The Constitution will have to be changed to allow for the restitution of land without compensation, President Jacob Zuma said Friday in his annual address to the National House of Traditional Leaders.

Such a move would require the unity of black parties in Parliament, the president said, as amending the Constitution would require a two-thirds majority.

Zuma insisted the government and the ruling ANC would want to ensure that land restitution was an orderly process and would not support “chaos and illegal land grabs”.

The process of land reform would have to be undertaken in terms of the Constitution and the laws of the land.

“We must use our majority to correct the wrongs within the law and within the Constitution. The time has come to unite and speak with one voice,” Zuma said.

An audit of pre-colonial land ownership, use and occupation patterns would be undertaken and then a single law of land restitution without compensation should be developed.

The necessary constitutional amendments would be made to address this process.

The government must make it easier for us to open our own banks … so we can have money circulating amongst ourselves and grow ourselves and be in control

Zuma said the government was also looking at a redesign of the Land Claims Commission as a Chapter Nine institution so that it could have the necessary powers. This too would require a constitutional amendment.

“All of this will require unity and common purpose,” Zuma stressed.

The current land redistribution and restitution programme was flawed, he noted. The willing buyer, willing seller approach did not work as it made the state a price-taker in an unfair process.

There were also too many laws dealing with land reform, which caused confusion and delayed the process.

“The fact remains that land hunger is real,” Zuma said.

This was not surprising as it was at the fundamental question at the centre of the liberation struggle.

The critical element of the economy was the land, and lack of ownership meant that economic power was not in the hands of the majority.

Zuma also emphasised that as part of the process of radical economic transformation, the government had to make it easier for “us to open our own banks … so we can have money circulating amongst ourselves and grow ourselves and be in control”.

The time for talking, writing and analysing about radical economic transformation was over and it was now time for concrete action, the president said.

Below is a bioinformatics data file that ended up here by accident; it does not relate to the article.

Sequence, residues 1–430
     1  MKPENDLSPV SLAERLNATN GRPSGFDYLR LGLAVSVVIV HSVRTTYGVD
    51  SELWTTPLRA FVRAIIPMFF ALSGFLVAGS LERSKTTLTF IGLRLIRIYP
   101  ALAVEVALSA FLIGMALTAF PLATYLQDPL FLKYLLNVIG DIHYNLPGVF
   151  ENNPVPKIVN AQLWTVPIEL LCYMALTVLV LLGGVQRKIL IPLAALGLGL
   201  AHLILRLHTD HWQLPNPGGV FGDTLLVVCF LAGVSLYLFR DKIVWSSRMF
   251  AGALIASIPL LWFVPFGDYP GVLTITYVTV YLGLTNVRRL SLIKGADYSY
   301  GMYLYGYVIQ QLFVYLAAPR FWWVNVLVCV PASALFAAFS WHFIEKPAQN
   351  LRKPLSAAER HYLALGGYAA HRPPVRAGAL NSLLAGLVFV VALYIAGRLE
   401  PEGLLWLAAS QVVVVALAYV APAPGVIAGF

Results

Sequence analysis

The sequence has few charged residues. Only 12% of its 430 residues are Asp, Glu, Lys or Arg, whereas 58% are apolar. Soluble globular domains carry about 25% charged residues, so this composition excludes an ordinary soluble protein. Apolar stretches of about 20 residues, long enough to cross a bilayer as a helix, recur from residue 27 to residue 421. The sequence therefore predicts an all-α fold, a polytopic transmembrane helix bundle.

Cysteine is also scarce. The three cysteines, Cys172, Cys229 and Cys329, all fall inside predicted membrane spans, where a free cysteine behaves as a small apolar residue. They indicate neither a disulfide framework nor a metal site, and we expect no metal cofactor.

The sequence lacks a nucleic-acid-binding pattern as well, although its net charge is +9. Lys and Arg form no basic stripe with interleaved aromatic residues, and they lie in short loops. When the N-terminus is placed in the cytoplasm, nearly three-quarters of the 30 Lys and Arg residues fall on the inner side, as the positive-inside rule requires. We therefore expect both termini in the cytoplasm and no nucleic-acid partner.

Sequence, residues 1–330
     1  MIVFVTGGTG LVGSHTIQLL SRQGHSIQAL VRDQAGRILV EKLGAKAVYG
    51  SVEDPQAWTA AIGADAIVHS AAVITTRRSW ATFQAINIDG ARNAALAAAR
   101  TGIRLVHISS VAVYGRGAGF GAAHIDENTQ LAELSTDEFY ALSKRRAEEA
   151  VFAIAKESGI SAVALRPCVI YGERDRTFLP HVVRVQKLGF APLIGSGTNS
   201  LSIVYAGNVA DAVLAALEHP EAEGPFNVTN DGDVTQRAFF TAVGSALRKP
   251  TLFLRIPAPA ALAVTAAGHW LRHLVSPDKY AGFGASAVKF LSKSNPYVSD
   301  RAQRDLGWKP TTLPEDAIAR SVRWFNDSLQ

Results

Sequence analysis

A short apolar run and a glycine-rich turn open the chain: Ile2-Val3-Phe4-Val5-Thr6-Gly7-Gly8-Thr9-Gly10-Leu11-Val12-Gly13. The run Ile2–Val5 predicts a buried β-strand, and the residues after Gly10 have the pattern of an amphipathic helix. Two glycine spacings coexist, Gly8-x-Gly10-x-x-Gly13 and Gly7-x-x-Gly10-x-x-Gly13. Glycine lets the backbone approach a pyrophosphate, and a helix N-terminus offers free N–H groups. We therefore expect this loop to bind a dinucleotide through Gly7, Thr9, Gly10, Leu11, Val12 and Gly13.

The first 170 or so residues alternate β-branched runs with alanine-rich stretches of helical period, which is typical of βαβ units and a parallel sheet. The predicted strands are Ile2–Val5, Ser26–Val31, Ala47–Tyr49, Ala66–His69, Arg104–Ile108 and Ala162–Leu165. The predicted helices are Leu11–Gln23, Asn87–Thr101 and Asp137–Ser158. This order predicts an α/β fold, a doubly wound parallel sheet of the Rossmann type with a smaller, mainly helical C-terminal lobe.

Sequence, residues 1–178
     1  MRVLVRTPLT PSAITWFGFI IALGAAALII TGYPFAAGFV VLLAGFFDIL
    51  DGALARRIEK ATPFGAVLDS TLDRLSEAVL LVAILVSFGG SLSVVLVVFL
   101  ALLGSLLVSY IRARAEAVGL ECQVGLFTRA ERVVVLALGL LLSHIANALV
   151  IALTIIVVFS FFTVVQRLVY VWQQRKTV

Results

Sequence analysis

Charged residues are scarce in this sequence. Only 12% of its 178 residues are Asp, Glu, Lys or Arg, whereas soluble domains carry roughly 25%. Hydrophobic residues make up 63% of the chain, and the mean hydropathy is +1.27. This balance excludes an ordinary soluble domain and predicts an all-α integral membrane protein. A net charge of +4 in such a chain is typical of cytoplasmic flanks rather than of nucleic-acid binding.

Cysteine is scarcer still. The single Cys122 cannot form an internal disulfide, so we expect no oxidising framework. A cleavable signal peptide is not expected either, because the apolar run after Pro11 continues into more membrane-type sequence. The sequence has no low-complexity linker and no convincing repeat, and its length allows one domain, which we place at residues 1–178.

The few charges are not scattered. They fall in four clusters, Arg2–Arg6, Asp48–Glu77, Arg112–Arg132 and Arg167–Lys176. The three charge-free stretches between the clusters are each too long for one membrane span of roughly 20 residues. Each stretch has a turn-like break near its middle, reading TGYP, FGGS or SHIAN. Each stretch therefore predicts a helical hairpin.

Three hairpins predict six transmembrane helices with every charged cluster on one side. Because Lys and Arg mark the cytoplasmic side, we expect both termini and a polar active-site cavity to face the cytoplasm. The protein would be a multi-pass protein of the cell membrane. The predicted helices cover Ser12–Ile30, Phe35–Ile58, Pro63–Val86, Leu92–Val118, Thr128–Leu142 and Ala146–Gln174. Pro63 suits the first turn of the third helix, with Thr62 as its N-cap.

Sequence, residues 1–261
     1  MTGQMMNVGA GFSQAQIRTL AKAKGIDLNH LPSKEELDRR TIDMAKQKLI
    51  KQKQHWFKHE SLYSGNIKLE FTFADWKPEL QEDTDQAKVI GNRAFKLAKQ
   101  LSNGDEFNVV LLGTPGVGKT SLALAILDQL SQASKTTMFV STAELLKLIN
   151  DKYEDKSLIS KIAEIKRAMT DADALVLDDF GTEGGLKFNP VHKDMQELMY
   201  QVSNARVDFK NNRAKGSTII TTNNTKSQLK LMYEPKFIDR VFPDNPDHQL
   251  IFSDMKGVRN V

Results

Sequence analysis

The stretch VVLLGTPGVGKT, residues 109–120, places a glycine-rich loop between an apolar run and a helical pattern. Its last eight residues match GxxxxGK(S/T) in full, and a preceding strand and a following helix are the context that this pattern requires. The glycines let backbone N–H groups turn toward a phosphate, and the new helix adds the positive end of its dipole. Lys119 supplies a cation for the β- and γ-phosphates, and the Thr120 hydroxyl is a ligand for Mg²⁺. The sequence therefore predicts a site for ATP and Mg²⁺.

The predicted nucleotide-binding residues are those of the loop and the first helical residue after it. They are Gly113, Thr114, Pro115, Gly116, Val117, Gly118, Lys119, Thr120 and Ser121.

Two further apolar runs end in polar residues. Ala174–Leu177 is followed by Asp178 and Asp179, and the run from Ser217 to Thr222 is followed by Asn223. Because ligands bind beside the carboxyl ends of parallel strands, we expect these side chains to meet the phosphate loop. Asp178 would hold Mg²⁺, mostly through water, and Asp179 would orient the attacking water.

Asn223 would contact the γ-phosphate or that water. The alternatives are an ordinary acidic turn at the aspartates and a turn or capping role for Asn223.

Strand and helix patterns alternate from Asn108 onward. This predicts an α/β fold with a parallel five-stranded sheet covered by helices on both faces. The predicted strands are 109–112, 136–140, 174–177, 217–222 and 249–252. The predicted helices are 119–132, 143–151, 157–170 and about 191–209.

The year 2017 would be the year of implementation and decisive action to effect socioeconomic transformation. “It is time for action.”

Progress reports

He said he expected to get regular progress reports from members of his Cabinet on what they were doing to achieve socioeconomic transformation and increase the participation of black people, and in particular Africans, in the economy.

Zuma also addressed the question of crime in residential areas. He was working with the security cluster of ministers to address this, and if a strengthening of laws was required this must be done.

On the attacks on foreign nationals, Zuma said the government had been asked to bolster its immigration controls.

Minister of Social Development Bathabile Dlamini and President Jacob Zuma. Picture: GCIS

The president expressed confidence in Social Development Minister Bathabile Dlamini and Finance Minister Pravin Gordhan to ensure that the payment of social grants to beneficiaries on April 1 too place. Cosatu has called for Dlamini to resign or be fired.

On the drought in the Western Cape, Zuma said the Department of Water Affairs and Sanitation would be tightening water regulations in municipalities across the province.

The agriculture sector had been informed of 10% additional restrictions on water to curb excessive water use. The restrictions would remain in place until the dams filled up to at least 85% of their capacity.

Water restrictions in place had not resulted in serious savings, Zuma said.

The national government would support the province in these efforts, he said.